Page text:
One of the features of the LED lighting system is the use of significantly lower energy to produce the same amount of luminosity.
In the pilot phase of the project, it was determined that LED lighting resulted in a reduction of up to 60per cent of the operations and maintenance costs of streetlight infrastructure.
However, a year after being illuminated, some streets have been returned to absolute or partial darkness.
While there are a few instances where darkness has resulted from continuing building activity, necessitating the removal of lamp supports and plunging the sections into darkness, this cannot be claimed for the majority of situations.
According to a resident, John Oteh, some of the streets have been darkened due to teething problems, poor maintenance, the use of phony materials, a lack of attention, or a combination of these factors.
He pointed out that Zik’s House (Ile Zik) in Ikeja, which is close to the old Sango Tollgate on the Lagos/Abeokuta Expressway, which was under construction at the time, has yet to be rebuilt.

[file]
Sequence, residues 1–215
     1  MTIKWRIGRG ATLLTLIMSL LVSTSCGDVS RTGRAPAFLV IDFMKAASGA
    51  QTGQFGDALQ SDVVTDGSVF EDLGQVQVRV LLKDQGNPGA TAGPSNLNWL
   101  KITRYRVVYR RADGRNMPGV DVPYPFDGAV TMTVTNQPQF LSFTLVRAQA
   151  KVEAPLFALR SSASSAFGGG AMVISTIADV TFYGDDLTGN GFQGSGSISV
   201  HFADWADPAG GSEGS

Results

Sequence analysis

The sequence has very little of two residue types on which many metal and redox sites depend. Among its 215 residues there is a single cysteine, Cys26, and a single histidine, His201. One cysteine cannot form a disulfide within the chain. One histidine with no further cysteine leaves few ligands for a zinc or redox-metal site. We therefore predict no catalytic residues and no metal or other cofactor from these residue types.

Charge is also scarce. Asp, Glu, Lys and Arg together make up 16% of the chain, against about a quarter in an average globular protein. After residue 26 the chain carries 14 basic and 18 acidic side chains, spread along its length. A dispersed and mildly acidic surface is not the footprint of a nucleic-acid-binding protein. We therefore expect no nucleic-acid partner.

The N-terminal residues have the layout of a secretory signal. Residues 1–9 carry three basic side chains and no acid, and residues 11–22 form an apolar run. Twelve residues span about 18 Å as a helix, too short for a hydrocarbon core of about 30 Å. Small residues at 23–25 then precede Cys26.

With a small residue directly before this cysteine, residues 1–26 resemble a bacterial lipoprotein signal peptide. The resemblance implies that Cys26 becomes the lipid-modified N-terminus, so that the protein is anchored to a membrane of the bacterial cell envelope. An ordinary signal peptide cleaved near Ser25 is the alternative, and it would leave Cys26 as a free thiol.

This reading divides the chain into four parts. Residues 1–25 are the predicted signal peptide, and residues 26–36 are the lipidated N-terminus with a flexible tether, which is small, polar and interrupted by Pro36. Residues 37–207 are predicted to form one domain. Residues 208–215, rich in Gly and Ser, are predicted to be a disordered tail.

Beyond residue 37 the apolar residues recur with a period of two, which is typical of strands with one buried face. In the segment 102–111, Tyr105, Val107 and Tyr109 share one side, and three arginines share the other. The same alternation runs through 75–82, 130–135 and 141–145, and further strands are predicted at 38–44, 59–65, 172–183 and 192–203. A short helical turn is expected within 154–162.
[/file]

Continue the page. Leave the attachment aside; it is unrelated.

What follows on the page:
According to him, the same applies to the Murtala Mohammed International Airport (MMIA) expressway to Oshodi, one of the nation’s gateways, which has been in darkness.
Oteh said in the past three years, there were claims that the streetlights were disconnected to give room for road construction on that axis, but the stretch has since been taken over by darkness.
A motorist, Kunle Adeosun, noted that even the stretch from Charity Bus Stop, Oshodi, to Ilasamaja Bus Stop along the Oshodi/Apapa Expressway, which became illuminated sometime ago, is now a very poor example of how streetlights should work.